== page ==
Meyer Memorial Trust, in partnership with Grantmakers of Oregon and Southwest Washington, invites you to join us for a learning experience on Equitable Evaluation.
Philanthropy uses data collection and evaluation to better understand the impact of our investments and to identify promising and best practices to address issues we fund. But emerging thinking about current “traditional” evaluative practices suggests that foundations are inadvertently perpetuating practices that are actually contrary to their strategic aims and organizational values.
Join Jara Dean-Coffey and Kelly Hannum of Luminare Group
for a session to review the concepts of evaluative thinking and equitable evaluation. You will have an opportunity to learn about a set of theories that can be barriers to the adoption of evaluative thinking and evaluation in philanthropy. You will reflect upon your current organizational evaluation practices and the field at large, and begin to explore an emerging set of theories/practices which challenge evaluative thinking and equitable evaluation.
Jara Dean-Coffey is the fearless and funny founder of Luminare Group and the former founder of jdcPartnerships. She has spent the past 25+ Years working with leaders who hold one thing in common: a commitment to challenging themselves and their organizations to have a transformative impact on the individuals, communities and systems they touch. Jara is passionate about elevating our collective understanding of the relationship between values, context, strategy and evaluation and shifting our practices so that they are more fully in service of stated aims. The Equitable Evaluation Project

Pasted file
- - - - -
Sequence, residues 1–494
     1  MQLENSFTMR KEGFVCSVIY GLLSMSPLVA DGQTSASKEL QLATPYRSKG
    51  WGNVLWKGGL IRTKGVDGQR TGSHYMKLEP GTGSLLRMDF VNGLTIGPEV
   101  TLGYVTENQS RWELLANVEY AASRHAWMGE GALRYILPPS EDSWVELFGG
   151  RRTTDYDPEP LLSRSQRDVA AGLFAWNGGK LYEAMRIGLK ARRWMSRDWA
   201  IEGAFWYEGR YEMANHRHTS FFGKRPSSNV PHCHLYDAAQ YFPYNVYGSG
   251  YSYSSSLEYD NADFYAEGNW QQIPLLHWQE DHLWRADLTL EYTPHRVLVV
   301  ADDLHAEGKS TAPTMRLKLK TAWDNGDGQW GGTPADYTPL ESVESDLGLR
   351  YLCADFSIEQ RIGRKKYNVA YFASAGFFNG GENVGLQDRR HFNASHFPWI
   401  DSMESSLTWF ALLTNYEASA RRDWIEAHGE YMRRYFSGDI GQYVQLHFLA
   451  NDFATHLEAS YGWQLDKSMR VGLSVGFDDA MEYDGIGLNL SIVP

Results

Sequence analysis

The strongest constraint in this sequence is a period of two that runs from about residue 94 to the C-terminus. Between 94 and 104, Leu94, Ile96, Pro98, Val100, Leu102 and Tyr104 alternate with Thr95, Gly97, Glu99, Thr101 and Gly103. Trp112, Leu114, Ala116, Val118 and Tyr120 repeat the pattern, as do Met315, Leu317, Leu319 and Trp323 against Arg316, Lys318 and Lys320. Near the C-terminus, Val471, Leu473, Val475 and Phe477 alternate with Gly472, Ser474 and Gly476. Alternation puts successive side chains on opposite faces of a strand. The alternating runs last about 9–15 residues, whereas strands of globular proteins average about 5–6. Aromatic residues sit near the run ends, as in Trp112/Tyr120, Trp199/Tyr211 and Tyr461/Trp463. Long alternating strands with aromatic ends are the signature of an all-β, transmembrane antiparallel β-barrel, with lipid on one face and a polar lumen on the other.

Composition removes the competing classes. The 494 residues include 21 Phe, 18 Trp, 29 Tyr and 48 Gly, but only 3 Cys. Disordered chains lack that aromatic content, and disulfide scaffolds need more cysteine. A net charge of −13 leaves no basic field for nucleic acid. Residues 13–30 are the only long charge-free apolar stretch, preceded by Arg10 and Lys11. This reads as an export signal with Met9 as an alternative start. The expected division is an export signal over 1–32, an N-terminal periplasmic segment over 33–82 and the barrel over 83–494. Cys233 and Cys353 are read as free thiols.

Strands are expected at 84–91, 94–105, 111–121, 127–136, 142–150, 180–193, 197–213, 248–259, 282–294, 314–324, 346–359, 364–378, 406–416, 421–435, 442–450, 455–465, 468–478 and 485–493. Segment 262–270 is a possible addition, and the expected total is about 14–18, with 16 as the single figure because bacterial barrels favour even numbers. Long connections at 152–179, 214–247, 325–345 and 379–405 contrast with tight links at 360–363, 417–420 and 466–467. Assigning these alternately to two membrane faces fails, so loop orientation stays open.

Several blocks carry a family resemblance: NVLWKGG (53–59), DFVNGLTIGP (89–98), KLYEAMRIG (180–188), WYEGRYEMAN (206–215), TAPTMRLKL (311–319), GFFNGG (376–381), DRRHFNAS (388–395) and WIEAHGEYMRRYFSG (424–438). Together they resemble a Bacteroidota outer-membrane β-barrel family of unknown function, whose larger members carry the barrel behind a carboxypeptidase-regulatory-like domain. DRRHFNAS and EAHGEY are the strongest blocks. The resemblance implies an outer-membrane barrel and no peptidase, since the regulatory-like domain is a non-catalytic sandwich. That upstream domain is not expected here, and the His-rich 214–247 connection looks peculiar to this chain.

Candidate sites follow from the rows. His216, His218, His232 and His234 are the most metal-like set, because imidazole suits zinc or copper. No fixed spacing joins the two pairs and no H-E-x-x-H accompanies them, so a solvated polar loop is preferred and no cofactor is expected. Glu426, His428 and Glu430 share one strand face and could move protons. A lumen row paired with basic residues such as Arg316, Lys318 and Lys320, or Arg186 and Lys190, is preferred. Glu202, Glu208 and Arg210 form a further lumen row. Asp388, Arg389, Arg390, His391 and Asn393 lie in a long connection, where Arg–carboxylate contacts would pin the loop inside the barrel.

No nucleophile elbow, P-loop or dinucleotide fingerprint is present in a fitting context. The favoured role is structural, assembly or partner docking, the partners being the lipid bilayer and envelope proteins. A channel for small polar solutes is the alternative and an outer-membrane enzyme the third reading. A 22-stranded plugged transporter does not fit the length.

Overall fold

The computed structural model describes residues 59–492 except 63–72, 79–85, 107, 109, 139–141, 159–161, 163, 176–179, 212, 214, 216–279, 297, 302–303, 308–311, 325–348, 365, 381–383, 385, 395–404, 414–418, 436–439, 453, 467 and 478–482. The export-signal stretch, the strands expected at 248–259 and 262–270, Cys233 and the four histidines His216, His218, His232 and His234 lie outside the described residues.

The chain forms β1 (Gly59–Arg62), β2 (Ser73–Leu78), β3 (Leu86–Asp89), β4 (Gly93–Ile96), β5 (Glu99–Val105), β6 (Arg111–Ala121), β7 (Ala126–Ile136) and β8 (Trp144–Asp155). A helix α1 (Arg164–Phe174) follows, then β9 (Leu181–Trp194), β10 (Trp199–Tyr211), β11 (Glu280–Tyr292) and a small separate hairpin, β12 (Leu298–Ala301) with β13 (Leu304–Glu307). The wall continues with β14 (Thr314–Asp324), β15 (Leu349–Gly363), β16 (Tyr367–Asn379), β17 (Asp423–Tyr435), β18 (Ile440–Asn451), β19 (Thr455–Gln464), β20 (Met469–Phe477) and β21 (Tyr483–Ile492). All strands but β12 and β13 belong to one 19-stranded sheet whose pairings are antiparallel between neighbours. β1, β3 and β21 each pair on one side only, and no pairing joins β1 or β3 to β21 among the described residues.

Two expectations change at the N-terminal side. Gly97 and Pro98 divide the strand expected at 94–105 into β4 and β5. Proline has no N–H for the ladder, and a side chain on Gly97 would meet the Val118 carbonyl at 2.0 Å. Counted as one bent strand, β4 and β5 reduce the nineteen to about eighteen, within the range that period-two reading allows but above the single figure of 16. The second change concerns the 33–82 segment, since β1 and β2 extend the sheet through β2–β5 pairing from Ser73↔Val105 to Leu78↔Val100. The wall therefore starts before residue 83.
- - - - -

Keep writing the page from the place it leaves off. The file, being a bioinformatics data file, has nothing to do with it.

is one such manifestation of her thinking and vision. She is an Advisor to the Center for Evaluation Innovation
, a member of the Steering Committee of National Network of Consultants to Grantmakers
, and will serve her first term as an American Evaluation Association
Board Member this year.
Kelly Hannum is Luminare Group’s measurement maven. She has spent the past 20+ years understanding how to gather and make sense of information in order to improve impact. And although she can measure anything Kelly knows that what matters most is that what is measured is meaningful, relevant and culturally and contextually appropriate. She has a special focus and interest in leadership development. She leads Luminare Group’s exploration of the ways in which Evaluative Thinking (a type of reflective practice that incorporates use of systematically collected data to inform organizational decisions and other actions), equity and leadership development come together (or don’t) currently funded by WKKellogg Foundation
Kelly is passionate about working collaboratively to clarify intent and measure impact in appropriate and meaningful ways. She sits on the Board of Leadership Learning Community
, is a contributing author to close to 60 books/papers on leadership development and evaluation.